Ultima Thule

In ancient times the northernmost region of the habitable world - hence, any distant, unknown or mysterious land.

Saturday, October 28, 2006

Math vs. vampires: vampires lose

By Aussiegirl

Just in time for Halloween and trick or treats, science makes us safe from vampires, ghosts and zombies. Still, what's that black-robed creature with fangs at my door begging for candy? Ah, science apparently cannot answer all the mysteries in the world. And as for ghosts, I'd say the jury is still out on this one. I have known people who have had personal experiences with ghostly apparitions, and the folklore is too strong with them to suggest that they are impossible. The world of spirit is still beyond the current ken of science. However, the mysteries of quantum physics teach us that there are many unbelievable things that exist in the universe. Now, I'm still a bit worried about the Wolf Man, so I'm waiting for a scientific verdict on those!

Math vs. vampires: vampires lose

If vam­pires—corpses that rise up to suck the blood of the liv­ing—sound bi­o­log­i­cal­ly im­plau­si­ble to you, you’re not alone. They ex­ist pure­ly in leg­end, as vir­tu­al­ly all sci­en­tists agree.

But for any vampire be­liev­ers un­dis­sua­d­ed by bi­o­log­i­cal facts, a pro­fes­sor has come up with a sec­ond proof of their un­re­al­i­ty, us­ing math.

If vam­pires ever ex­isted in the forms in which mo­v­ies and books por­tray them, they would have quick­ly wiped out hu­ma­n­ity long ago, ac­cord­ing to phys­ics pro­f­es­sor Cos­tas Ef­thi­mi­ou of the Uni­ver­si­ty of Cen­tral Flor­i­da in Or­lan­do, Fla.

Pop­u­lar lo­re pas­sed down through cen­turies holds that vam­pire vic­tims be­come vam­pires them­selves, and launch their own blood-hunts on hap­less hu­mans.

To rule out vam­pires, Ef­thi­mi­ou re­lied on a bas­ic prin­ci­ple known as ge­o­met­ric pro­gres­sion.

“If vam­pires tru­ly feed with even a ti­ny frac­tion of the fre­quen­cy that they are de­picted to in the mo­v­ies and folk­lore, then the hu­man race would have been wiped out quite quick­ly af­ter the first vam­pire ap­peared,” Ef­thi­mi­ou and a grad­u­ate stu­dent col­league wrote in a pa­per posted on­line.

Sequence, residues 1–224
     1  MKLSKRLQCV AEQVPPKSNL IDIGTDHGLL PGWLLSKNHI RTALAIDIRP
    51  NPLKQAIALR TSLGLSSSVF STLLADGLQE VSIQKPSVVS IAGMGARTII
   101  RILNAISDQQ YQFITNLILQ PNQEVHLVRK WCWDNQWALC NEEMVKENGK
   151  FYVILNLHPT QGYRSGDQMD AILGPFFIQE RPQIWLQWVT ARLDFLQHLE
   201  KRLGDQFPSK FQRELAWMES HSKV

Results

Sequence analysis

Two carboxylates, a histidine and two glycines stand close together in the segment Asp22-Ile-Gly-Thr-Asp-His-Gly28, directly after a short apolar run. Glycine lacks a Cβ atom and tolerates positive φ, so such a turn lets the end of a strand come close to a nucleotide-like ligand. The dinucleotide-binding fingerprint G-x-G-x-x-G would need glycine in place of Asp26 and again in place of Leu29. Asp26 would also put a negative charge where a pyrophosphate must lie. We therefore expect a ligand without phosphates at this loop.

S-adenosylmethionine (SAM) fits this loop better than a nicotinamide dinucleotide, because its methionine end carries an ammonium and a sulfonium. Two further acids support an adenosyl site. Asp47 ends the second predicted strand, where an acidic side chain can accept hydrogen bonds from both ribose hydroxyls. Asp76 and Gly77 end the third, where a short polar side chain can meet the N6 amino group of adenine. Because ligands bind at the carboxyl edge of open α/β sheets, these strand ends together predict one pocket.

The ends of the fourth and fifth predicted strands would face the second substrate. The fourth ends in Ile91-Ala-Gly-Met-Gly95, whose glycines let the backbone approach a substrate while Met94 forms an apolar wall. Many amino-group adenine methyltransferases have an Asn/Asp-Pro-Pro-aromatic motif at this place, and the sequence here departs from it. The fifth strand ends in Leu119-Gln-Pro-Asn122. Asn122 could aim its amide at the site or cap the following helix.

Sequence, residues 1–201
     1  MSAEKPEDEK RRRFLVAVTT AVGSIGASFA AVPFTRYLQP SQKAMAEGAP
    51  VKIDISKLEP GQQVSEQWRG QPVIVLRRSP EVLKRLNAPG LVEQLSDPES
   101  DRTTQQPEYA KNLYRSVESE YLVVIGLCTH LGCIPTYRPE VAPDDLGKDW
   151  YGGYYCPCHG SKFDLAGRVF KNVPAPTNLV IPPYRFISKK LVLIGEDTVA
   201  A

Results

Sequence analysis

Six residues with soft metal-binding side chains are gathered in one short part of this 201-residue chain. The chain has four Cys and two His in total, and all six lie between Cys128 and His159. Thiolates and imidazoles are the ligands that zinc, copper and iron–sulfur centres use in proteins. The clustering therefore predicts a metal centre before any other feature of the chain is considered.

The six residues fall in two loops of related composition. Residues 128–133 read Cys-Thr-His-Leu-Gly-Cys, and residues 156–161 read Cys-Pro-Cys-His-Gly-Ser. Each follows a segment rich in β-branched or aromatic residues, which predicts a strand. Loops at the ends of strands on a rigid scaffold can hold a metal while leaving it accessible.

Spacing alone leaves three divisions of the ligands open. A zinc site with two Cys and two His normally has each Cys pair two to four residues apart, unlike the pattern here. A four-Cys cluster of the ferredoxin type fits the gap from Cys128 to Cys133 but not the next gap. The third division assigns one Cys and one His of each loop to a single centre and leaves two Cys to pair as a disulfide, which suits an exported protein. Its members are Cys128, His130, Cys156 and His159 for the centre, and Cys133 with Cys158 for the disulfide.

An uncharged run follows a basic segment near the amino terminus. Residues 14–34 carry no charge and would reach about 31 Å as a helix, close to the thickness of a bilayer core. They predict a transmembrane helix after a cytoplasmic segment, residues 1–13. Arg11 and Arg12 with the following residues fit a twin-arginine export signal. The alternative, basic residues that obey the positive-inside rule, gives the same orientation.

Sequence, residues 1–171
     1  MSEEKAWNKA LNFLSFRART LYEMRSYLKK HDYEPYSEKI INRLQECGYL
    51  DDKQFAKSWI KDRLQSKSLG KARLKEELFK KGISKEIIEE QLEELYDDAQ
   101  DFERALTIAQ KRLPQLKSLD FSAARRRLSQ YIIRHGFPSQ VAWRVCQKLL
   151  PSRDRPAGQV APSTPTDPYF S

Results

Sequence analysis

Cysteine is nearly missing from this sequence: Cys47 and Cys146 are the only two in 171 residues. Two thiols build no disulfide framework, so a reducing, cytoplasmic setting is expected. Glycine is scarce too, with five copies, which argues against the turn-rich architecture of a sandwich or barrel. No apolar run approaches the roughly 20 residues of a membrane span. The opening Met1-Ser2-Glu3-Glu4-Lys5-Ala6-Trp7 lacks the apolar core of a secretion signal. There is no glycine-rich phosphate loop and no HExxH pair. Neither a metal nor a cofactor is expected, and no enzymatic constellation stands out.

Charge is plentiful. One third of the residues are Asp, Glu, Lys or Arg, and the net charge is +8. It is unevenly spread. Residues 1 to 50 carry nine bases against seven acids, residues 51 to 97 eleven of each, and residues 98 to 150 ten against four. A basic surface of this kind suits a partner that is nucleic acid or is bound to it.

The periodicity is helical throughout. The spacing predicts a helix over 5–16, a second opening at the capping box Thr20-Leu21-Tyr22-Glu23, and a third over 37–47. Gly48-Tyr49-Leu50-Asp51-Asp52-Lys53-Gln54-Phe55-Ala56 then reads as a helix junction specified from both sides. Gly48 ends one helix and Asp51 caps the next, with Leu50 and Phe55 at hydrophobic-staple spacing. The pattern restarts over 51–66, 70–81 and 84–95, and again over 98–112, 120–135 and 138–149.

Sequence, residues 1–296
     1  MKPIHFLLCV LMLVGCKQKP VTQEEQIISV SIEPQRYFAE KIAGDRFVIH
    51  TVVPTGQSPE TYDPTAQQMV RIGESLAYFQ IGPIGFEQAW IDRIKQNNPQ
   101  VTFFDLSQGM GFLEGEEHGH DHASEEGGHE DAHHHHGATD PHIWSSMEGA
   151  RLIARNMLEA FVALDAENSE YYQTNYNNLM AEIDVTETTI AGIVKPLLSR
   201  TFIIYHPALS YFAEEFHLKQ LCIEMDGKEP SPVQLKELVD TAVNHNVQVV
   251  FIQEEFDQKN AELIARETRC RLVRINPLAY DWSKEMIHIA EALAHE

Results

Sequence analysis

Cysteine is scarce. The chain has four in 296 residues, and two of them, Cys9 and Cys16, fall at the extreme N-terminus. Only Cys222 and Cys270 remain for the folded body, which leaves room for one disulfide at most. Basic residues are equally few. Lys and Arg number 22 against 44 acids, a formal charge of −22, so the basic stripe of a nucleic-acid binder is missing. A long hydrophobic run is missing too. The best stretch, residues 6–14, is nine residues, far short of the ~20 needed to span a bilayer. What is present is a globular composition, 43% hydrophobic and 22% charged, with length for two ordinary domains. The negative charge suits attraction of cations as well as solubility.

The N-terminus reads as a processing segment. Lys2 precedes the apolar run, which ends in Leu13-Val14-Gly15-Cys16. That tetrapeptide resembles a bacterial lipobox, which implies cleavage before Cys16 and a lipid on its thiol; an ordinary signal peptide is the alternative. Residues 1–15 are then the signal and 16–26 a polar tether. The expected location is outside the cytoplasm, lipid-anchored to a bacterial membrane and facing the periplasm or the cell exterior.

Efthimiou sup­posed that the first vam­pire arose Jan. 1, 1600, around the be­gin­ning of a cen­tu­ry dur­ing which some of the first im­por­tant mod­ern writ­ings on vam­pires ap­peared. The re­search­ers es­ti­mat­ed the glob­al pop­u­la­tion at that time, based on his­tor­i­cal re­c­ords, as 537 mil­lion.

As­sum­ing that the vam­pire fed once a month and the vic­tim turned in­to a vam­pire, there would be two vam­pires on Feb. 1, four the next month, and eight the month af­ter that. All hu­mans would be vam­pires with­in 2½ years. “Hu­mans can­not sur­vive un­der these con­di­tions, even if our pop­u­la­tion were dou­bling each mon­th,” which is well be­y­ond hu­man ca­pa­ci­ties, Ef­thi­mi­ou said.

Efthimiou and the grad­u­ate stu­dent, So­hang Gan­dhi, al­so took on ghosts and zom­bie leg­ends.

Us­ing laws of mo­tion dis­cov­ered by Isaac New­ton in the late 1600s, they not­ed that ghosts would­n’t be able to walk and pass through walls, and not just be­cause walls are sol­id.

In movies such as “Ghost,” star­ring Pat­rick Swayze and Demi Moore, ghosts of­ten walk like hu­mans, pass through walls and pick up ob­jects. How­ever, Ef­thi­mi­ou ar­gues, for ghosts to walk like hu­mans, they would have to put pres­sure on the floor. The floor would ex­ert an equal and op­po­site force in re­turn. But ghosts’ abil­i­ty to pass through walls and have hu­mans walk right through them demon­strates that they can’t ap­ply force, the re­search­ers wrote.

They al­so pro­vid­ed an ex­pla­na­tion for “voodoo zom­bie­fi­ca­tion,” a prod­uct of Hai­tian folklo­re that sug­gests that zom­bies arise when a sor­cer­er places an evil spell on an en­e­my. The re­search­ers re­viewed the case of a Hai­tian ad­o­les­cent who was pro­nounced dead by a lo­cal doc­tor af­ter a week of great con­vul­sions.

Af­ter the boy was bur­ied, he re­turned in an in­co­her­ent state, and Hai­tians said a sor­cer­er had re­s­ur­rec­t­ed him as a zom­bie.

Efthimiou and Gan­dhi attribute the incident to a tox­ic sub­stance called tetrodotox­in, found in a puffer­fish breed na­tive to Hai­tian wa­ters. Con­tact with the sub­stance gen­er­al­ly re­sults in rap­id death. How­ev­er, in some cases, the right dose pro­duces a state that mim­ics death and slows vi­tal signs to un­mea­s­ur­a­ble lev­els. Even­tu­al­ly, the vic­tim snaps out of the death-like co­ma.

Anal­y­sis has shown that ox­y­gen dep­ri­va­tion could ex­p­lain the boy’s brain dam­age and in­co­her­ent state, Ef­thi­mi­ou said: thus, “it would seem that zom­bie­fi­ca­tion is noth­ing more than a skill­ful act of poi­son­ing.”


At 8:16 PM, Blogger Mr. Spog said...

Heh, heh, heh ... Silly Dr. Efthimiou has been watching wrong movies. Vampires only occasionally "bring over" their victims! Zis takes much self-control by vampire, I can assure you. Otherwise they drain victims of all bloood, so they do not turn into new vampires. Or so they say. Also nowadays with annoying police investigations, is often safer to live on disgusting cow's blood most of time. Many vampires also get unfortunately killed by young California girl with whiny voice and superpowers.


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